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Online Literature Tapping New Talent

Writing has long been considered a lonely profession, but when prose gets put on the Internet, the instant feedback makes writing a much less lonely occupation.

Not many people who are fond of writing actually end up getting their work published in books, magazines or in newspapers.

However, the Internet opens a new door for aspiring writers. A new term "cyber-literature" has been catching on.

For many cyber-literature writers, the day starts something like it does for this woman:

"When I turn on my computer, the first thing I do is to find out whether anyone has left any comments on what I posted the previous day."

The young woman, who has given herself the net name "Echo-Bird," is a graduate student at Fudan University in Shanghai. She took up online writing two years ago.

She is just one of the millions of Chinese who now post their writing on the Internet.

"The biggest attraction is that I can write down whatever is on my mind, I do not need to worry about whether it will please the editors of a certain magazine or newspaper," one writer explains.

"I receive feedback as soon as I post my work online," says another writer.

Cyber-literature came to China in the mid- 1990s when several literary websites were set up, but at that time, the Internet acted merely as a new carrier for traditional literature, with most of the works simply scanned and posted "as is."

It was not until 1998 that online writing's popularity really skyrocketed.

A modern love story entitled First Close Touch (Diyici Qinmi Jiechu) written by Taiwan writer Pizi Tsai spread widely on the net. Its free writing style and contemporary language quickly attracted people. The fever continued as the story was later published, then turned into a film and even adapted for the stage.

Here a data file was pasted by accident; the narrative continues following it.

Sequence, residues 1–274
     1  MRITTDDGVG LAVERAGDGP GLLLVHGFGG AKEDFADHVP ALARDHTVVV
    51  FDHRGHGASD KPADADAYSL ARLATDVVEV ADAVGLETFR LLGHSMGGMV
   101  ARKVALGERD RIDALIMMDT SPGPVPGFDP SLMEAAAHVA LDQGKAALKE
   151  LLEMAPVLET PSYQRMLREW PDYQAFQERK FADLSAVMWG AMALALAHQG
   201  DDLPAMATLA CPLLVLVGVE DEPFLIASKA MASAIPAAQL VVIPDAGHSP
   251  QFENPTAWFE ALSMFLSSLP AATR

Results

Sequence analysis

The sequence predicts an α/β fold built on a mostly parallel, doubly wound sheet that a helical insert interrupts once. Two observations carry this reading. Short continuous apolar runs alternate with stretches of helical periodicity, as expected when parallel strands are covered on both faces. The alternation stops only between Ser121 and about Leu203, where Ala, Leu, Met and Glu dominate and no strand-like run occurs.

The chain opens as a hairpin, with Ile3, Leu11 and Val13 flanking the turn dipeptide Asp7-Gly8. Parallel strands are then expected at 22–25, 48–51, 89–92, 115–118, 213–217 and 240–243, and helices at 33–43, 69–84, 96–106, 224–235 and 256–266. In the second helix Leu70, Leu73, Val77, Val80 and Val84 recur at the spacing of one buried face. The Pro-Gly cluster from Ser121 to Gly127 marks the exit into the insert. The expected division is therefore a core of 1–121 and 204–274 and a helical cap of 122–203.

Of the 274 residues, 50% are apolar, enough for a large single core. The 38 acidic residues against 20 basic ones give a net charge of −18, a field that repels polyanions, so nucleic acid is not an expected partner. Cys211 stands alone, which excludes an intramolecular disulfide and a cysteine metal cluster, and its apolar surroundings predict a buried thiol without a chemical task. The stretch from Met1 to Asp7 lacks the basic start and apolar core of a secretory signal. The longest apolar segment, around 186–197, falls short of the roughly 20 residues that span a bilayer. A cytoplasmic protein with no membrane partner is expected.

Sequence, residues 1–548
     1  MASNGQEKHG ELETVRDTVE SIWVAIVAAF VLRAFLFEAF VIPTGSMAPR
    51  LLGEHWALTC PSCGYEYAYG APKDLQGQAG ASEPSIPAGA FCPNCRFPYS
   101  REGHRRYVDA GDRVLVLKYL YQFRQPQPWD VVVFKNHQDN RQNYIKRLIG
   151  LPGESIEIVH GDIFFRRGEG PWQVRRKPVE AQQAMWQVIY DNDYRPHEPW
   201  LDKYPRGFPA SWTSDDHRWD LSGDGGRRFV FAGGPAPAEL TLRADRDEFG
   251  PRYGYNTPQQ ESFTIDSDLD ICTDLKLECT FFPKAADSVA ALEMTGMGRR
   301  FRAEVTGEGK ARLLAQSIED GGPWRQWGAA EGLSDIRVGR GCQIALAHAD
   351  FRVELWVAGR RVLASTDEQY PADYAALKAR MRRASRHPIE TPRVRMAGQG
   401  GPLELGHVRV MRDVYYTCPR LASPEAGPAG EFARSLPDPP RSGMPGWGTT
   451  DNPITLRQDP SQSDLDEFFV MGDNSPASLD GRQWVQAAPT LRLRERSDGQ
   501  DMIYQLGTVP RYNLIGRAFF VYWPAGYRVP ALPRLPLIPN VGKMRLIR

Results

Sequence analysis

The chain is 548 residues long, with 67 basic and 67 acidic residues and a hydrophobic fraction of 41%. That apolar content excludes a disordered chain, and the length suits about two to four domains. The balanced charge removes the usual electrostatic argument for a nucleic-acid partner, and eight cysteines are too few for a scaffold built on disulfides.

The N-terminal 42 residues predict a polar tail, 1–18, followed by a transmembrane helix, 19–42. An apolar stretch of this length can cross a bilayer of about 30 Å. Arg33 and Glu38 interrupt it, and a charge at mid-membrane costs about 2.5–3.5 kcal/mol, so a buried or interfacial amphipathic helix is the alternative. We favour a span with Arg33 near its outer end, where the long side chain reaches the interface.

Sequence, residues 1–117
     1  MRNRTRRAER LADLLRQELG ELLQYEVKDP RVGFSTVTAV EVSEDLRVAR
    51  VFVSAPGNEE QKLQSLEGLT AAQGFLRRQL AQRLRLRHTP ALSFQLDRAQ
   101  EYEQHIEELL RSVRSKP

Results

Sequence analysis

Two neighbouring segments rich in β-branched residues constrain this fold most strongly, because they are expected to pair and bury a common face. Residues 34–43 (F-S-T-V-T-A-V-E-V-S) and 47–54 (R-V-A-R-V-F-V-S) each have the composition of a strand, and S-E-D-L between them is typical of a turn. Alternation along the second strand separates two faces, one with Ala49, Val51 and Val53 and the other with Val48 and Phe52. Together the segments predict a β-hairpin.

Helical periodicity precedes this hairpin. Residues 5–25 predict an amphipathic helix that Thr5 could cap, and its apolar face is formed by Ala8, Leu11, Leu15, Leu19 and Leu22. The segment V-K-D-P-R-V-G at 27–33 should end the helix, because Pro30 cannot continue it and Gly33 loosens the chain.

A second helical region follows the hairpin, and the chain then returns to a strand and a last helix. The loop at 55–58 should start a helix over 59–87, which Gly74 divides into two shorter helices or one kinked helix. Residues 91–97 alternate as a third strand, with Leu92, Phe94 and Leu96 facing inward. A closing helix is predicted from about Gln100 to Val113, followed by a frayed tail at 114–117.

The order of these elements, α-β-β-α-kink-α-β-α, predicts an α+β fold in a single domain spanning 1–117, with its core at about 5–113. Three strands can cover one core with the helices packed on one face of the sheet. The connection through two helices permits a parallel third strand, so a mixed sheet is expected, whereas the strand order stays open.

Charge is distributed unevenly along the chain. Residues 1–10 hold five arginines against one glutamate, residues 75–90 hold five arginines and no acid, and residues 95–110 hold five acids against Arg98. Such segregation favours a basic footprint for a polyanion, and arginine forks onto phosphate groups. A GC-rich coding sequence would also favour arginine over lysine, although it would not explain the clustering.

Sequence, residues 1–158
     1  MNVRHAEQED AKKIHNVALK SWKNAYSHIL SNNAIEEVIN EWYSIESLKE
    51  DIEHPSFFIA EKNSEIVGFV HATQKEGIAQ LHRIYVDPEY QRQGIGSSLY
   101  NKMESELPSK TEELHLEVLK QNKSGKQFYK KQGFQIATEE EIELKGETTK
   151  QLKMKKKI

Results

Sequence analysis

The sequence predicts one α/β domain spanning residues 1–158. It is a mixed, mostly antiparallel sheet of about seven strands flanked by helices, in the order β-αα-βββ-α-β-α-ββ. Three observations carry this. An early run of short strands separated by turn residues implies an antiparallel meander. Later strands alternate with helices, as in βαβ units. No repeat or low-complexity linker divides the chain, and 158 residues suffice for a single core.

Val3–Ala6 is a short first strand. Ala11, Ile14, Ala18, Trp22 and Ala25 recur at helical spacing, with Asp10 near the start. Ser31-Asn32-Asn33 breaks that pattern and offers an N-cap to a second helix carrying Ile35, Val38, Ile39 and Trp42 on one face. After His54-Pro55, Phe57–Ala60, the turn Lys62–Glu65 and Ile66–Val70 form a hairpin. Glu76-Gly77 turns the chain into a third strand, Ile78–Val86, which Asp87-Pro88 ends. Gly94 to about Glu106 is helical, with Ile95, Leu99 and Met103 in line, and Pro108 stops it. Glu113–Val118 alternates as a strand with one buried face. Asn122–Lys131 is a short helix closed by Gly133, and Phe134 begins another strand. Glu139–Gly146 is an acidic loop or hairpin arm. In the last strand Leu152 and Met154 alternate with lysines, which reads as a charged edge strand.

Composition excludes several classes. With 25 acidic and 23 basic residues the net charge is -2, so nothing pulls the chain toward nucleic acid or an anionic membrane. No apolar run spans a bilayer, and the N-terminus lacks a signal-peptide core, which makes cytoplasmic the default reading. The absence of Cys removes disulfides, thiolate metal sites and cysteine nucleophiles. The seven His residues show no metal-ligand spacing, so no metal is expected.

After that, more and more people started posting their stories, poems, articles and other works on various bulletin board systems (BBS) or literary websites.

One of the sites that receives the most hits is http://www.rongshuxia.com, the world's largest online publisher of literature in the Chinese language.

Set up seven years ago, Rongshuxia (which literally means "Under the Banyan Tree") provides a platform for writers to show off their talents.

According to Lu Jinbo, chief editor of the website, it used to receive two or three articles a day in its first days, but today gets more than 5,000 submissions every day.

Over the past seven years, more than 100,000 people have had their work published on the website.

These avid writers don't get paid, but their online writing fever never cool down.

Among the net literature fans, over 60 per cent are students, and college students account for a major part of participants, Li said.

Unlike professional writers who put words on paper for a living, most of the online writers write only in their spare time; in other words, when they feel like writing something.

But some netizens eventually become professional writers, with their writing skills widely acknowledged.

Ning Ken, 45, is one of them.

Two years ago, his long story The Veiled City (Mengmian Zhi Cheng) was posted online and won him one of the most prestigious awards in China -- the Lao She Literary Award -- in October 2002. This was the first time for the award to be given to a piece of work posted online.

"I benefited from the Internet," Ning Ken recalls. "After I sent out my story to publishing houses, I waited and waited but got no reply. So I put it online. I had no idea it would become so popular among online readers."

The story has now come out in print. The writer has not only realized his dream but has also joined the Beijing Writers' Association.

Despite his fame, Ning Ken still likes to put his works on the Internet first.

"When I finish a piece of writing, I usually put it on the Internet before sending it to magazines. I want to hear others' comments first. People's suggestions and even their criticism give me inspiration," he said.

However, as more and more people take up online writing, questions about the quality of online literature are increasing in number.

Many critics say subjects popular on the Internet are not deep enough, with writers giving vent to their dissatisfaction about love and life, and paying little attention to larger social problems.

Li Qing, secretary-general of the Beijing Writers' Association, says every coin has two sides. She said that people should look more at the good points of online writing.

"Among online writers, many do have special talent. The Internet has helped us find a lot of good writers whom we might otherwise have overlooked," she said.

(China Daily March 3, 2004)

When Literature Falls Across Internet
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